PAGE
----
Results 1 to 4 of 4
  1. #1
    Join Date
    Feb 2007
    Location
    Chennai, TN
    Posts
    68

    Unanswered: varchar(255) vs varchar(50) performance

    Hi,
    I would like to know whether there would be a performance improvement in the table if we change the column of varchar(255) to varchar(50).

    I have a scenario where the column occupies only 50 characters but i have declared the datatype with varchar(255). one of my friend told me to alter the datatype to varchar(50) for performance. It also gave a better performance.

    I could not figure out the exact reason behind that. Please help me in undersatnding why this difference happens in varchar.

    I believe in varchar the unwanted bytes are truncated if unused so i think varchar(255) and varchar(50) has got nothing to do with performance

    Thanks,
    Parangiri

  2. #2
    Join Date
    Jun 2003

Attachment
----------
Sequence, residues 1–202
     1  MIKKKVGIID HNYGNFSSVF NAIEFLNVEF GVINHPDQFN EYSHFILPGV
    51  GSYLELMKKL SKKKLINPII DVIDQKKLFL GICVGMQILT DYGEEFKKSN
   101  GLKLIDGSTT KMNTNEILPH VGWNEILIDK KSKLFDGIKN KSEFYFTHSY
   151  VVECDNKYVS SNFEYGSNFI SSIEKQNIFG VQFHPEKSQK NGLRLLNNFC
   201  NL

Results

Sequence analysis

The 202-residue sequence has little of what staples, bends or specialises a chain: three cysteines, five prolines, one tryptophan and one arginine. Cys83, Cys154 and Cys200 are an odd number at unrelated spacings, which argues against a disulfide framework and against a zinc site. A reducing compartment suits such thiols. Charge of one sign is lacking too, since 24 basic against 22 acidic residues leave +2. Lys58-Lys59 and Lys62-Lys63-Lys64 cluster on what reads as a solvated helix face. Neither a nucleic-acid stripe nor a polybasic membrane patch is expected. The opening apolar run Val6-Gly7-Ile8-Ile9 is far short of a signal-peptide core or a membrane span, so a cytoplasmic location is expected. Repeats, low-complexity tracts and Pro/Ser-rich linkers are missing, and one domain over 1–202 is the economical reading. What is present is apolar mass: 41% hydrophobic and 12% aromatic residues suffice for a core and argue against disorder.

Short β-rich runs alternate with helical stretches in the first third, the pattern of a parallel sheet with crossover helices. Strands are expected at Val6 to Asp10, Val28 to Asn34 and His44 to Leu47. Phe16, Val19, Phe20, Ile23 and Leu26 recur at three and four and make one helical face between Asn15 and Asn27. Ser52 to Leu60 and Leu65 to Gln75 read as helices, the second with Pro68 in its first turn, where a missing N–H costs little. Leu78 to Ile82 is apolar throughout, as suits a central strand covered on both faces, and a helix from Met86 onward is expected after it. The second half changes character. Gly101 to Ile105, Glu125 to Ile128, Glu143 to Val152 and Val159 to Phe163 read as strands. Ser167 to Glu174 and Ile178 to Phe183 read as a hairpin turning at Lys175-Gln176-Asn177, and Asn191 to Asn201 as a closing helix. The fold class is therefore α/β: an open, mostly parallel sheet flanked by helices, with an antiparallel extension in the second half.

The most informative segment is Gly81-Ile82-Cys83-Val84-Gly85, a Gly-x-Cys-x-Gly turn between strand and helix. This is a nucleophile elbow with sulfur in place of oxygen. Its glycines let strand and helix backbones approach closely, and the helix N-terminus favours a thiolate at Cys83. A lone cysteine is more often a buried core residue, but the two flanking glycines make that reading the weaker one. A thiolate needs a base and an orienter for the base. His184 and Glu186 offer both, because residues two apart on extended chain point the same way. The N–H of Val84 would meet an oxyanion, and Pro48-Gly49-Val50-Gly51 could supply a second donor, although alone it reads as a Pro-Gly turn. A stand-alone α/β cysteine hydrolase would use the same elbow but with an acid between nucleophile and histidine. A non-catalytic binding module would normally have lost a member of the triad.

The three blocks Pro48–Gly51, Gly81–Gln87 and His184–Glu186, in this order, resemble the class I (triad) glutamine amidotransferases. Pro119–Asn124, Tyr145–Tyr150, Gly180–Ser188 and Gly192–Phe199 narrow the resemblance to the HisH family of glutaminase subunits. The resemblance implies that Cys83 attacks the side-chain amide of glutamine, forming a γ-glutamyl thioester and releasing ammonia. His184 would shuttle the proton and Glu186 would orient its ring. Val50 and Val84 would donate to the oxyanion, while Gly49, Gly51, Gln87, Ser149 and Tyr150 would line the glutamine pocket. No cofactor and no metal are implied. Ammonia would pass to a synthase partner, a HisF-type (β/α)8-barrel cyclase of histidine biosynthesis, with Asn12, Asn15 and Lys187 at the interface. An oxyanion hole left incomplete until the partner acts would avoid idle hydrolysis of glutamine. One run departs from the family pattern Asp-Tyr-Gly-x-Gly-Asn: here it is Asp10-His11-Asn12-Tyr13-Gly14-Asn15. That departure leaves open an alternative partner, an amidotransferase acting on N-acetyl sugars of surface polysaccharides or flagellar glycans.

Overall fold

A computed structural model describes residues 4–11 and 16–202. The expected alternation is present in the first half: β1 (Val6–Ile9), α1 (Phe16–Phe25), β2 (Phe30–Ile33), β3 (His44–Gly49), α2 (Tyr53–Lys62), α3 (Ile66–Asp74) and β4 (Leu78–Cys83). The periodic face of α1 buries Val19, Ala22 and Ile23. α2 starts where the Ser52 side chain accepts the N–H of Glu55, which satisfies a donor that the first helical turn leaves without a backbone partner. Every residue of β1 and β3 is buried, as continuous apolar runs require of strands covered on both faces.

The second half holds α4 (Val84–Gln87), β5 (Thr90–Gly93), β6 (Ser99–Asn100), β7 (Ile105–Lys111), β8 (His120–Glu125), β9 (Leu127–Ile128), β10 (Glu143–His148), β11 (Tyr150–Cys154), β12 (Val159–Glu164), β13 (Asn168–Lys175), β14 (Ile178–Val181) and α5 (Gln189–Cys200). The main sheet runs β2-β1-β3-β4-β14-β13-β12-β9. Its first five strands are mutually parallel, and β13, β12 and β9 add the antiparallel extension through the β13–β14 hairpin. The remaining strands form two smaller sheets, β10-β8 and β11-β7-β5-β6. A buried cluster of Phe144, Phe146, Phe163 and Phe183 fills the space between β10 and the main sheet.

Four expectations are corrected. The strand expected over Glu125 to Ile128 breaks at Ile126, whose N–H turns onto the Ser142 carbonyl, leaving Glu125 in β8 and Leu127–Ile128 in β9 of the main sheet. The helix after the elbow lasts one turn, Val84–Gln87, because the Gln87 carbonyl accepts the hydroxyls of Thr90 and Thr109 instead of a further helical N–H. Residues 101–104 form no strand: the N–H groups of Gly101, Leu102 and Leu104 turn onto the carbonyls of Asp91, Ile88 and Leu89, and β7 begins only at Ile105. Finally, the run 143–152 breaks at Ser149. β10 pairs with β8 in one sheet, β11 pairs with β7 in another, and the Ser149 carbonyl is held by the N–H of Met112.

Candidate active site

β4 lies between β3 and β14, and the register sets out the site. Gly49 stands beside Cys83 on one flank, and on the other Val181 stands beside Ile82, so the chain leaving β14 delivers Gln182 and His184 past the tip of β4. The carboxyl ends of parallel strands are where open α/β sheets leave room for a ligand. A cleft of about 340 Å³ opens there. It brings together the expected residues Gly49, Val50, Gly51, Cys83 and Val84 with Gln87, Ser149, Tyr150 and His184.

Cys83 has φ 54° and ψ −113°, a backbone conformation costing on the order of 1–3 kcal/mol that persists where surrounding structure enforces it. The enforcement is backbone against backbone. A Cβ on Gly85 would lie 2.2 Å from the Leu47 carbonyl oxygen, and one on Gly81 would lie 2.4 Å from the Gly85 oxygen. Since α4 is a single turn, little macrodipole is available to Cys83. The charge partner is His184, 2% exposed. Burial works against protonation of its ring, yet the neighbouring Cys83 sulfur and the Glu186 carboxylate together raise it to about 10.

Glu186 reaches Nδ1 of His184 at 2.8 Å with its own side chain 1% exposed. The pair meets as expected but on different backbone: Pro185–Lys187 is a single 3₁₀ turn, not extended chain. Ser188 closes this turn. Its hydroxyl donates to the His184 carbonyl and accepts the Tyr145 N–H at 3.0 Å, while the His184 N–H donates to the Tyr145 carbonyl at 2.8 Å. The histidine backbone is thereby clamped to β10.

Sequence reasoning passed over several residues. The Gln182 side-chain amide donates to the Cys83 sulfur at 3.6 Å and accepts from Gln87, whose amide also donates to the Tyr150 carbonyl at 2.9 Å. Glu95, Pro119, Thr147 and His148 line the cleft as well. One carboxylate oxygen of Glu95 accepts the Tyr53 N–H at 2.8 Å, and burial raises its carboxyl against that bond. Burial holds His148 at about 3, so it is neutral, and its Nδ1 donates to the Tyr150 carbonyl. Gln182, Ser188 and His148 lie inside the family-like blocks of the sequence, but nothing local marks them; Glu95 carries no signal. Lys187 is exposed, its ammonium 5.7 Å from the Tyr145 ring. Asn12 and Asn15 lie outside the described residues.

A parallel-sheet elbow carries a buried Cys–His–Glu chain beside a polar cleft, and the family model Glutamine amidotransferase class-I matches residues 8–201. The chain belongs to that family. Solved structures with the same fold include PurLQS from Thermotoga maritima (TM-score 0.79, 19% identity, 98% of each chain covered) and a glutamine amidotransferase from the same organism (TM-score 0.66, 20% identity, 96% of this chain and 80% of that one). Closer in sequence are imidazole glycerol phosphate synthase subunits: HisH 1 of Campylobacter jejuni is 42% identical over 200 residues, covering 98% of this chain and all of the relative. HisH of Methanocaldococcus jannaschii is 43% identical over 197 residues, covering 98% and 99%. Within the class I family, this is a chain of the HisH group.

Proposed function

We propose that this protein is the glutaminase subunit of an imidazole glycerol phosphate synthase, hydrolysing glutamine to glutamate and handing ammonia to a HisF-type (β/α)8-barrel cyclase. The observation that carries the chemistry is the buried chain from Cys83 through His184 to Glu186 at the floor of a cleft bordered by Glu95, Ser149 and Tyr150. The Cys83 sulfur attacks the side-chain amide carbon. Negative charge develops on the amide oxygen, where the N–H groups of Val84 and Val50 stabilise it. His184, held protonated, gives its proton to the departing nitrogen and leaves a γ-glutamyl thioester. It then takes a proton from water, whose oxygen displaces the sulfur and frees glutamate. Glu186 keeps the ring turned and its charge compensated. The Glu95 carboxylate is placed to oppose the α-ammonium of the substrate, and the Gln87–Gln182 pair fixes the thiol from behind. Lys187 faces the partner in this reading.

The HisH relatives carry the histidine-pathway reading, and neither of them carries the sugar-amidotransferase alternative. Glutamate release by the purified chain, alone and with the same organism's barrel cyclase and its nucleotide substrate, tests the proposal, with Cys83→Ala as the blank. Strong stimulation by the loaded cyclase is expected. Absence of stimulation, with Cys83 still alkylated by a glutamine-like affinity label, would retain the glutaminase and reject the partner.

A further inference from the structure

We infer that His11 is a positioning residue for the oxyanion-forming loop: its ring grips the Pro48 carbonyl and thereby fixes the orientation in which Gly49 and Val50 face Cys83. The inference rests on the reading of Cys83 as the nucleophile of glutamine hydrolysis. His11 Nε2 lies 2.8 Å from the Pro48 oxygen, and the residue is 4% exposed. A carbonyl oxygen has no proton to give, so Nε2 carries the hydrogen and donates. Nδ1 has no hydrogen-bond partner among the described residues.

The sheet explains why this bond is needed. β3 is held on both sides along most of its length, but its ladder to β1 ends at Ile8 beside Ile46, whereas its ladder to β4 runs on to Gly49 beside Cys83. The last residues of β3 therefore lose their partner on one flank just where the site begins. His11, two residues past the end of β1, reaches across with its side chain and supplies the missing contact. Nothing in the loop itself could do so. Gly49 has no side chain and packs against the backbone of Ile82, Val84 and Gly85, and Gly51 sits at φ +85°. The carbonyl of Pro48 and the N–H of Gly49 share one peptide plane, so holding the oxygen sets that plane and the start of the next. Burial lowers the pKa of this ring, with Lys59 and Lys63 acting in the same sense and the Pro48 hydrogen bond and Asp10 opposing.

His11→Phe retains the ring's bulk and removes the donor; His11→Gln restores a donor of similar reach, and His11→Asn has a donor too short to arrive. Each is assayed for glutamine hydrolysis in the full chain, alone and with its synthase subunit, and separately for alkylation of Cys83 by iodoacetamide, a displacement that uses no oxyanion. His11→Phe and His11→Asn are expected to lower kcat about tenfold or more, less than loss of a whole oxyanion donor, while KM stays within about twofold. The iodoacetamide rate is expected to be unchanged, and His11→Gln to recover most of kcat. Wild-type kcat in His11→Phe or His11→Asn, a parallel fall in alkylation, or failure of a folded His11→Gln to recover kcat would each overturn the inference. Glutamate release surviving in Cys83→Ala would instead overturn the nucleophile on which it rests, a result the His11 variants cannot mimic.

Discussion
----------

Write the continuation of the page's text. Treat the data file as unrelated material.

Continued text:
Location
    Ohio
    Posts
    12,592
    Provided Answers: 1
    It is my understanding that would have no impact on performance. Situation would be different if the columns were defined as CHAR.
    If it's not practically useful, then it's practically useless.

    blindman
    www.chess.com: "sqlblindman"
    www.LobsterShot.blogspot.com

  3. #3
    Join Date
    Nov 2002
    Location
    Jersey
    Posts
    10,322
    Hey Pingu

    The performance is in how much data you retrieve...

    10 rows, now diff, 10 million rows....I would say a diff

    MOO
    Brett
    8-)

    It's a Great Day for America everybody!

    dbforums Yak CorralRadio 'Rita
    dbForums Member List
    I'm Good Once as I ever was

    The physical order of data in a database has no meaning.

  4. #4
    Join Date
    Dec 2007
    Location
    London, UK
    Posts
    741
    Quote Originally Posted by parangiri View Post
    I have a scenario where the column occupies only 50 characters but i have declared the datatype with varchar(255).
    What's your reason for doing that? If the data is to be the same in each case then I don't think there will be any performance impact. However, you could find that the data eventually gets larger than you wanted simply because you've allowed it to be larger. So ultimately there might be some impact on the volume of data and therefore the time taken to process.

Posting Permissions

  • You may not post new threads
  • You may not post replies
  • You may not post attachments
  • You may not edit your posts
  •